Not Quite Horror contains reviews of films not traditionally considered horror films. By analyzing them as horror films (identifying the monster, discussing the shared worry for the audience and the main characters, and understanding the depth of horror available to the viewer), who knows? Thereâ€™s more than one way to watch a movie.
Reservoir Dogs (1992)
The Monster: Mr. Blonde, aka Vic Vega. Heist organizers Joe Cabot (Lawrence Tierney) and â€œNice Guyâ€ Eddie Cabot (Chris Penn) trust Vic Vega (Michael Madsen) without question. He recently endured a prison sentence rather than rat them out. Vega flashes a loveable smirk and wrestles with â€œNice Guyâ€ Eddie, but something inside him makes him more malicious than the average bank robber. He behaves violently and erratically during the robbery, and then things get worse.
The Horror: Left alone with a capture cop, time to kill, and seemingly no one around, Mr. Blonde decides its torture time. He produces a straight razor and dances about in front of the cop, then he settles in to saw off the manâ€™s ear. He douses the man with gasoline, but he is shot by a dying Mr. Orange (Tim Roth) before he can start the man on fire.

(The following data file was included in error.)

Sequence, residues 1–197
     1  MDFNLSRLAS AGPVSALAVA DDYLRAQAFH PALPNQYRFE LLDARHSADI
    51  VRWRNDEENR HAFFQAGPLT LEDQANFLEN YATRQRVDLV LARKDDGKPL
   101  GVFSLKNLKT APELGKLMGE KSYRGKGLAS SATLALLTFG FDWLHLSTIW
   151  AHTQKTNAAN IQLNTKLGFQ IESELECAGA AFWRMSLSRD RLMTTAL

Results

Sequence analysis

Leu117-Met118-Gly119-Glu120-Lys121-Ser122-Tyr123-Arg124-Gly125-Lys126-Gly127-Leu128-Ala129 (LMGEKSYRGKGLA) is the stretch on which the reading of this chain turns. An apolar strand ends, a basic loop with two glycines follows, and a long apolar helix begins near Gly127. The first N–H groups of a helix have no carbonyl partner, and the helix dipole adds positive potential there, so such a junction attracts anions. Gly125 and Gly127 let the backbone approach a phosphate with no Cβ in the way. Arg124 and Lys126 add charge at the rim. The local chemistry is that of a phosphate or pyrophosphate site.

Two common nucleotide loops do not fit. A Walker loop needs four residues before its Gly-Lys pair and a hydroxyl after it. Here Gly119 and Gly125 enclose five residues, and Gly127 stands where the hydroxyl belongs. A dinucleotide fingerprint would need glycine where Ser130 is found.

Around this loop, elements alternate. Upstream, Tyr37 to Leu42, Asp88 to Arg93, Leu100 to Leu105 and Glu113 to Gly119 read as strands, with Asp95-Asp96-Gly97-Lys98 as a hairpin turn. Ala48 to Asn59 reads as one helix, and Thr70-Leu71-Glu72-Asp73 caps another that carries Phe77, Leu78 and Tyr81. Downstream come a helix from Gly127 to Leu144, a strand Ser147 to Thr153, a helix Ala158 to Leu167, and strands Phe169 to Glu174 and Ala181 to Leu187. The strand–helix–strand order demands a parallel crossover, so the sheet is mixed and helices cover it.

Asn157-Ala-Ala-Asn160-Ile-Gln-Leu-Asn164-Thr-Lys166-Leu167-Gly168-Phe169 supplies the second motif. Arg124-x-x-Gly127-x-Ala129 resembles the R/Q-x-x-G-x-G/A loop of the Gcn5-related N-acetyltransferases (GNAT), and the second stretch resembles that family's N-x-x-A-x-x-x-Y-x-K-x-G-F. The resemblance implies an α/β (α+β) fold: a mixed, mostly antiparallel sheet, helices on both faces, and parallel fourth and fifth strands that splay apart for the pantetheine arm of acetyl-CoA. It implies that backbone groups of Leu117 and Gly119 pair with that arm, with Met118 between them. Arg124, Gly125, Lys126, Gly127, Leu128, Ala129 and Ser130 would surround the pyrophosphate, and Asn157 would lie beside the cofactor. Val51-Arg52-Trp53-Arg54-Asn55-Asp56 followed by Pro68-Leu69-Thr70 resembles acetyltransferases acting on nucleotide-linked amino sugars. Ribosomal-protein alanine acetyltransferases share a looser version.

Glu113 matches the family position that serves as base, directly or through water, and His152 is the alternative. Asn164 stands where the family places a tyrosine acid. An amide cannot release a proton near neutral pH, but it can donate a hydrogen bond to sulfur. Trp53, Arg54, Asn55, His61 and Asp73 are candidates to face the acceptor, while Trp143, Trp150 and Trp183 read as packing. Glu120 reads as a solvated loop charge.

The Shared Fate: We, the viewers, understand Mr. Blonde is a monster because we see his crimes. When â€œNice Guyâ€ Eddie finds Mr. Blondeâ€™s body (and a secret Mr. Orange has been hiding), he cannot believe his friend is cruel and sadistic. There will be no parade for Mr. Orange, unless funerals count.
Monsters have friends, and they hide their monstrosity from them. Unlike vampires, a crucifix and clove of garlic canâ€™t convince people they have befriended a beast in human form. Mr. Orange does the right thing and dies misunderstood. Such things can happen to anyone.
— I am indebted to Noel Carrollâ€™s The Philosophy of Horror for his ideas on defining horror, as well as John Skipp and Craig Spectorâ€™s article â€œDeathâ€™s Rich Pageantry, or Skipp & Spectorâ€™s Handy-Dandy Splatterpunk Guide to the Horrors of Non-horror Filmâ€ in Cut! Horror Writers on Horror Film for a similar idea.–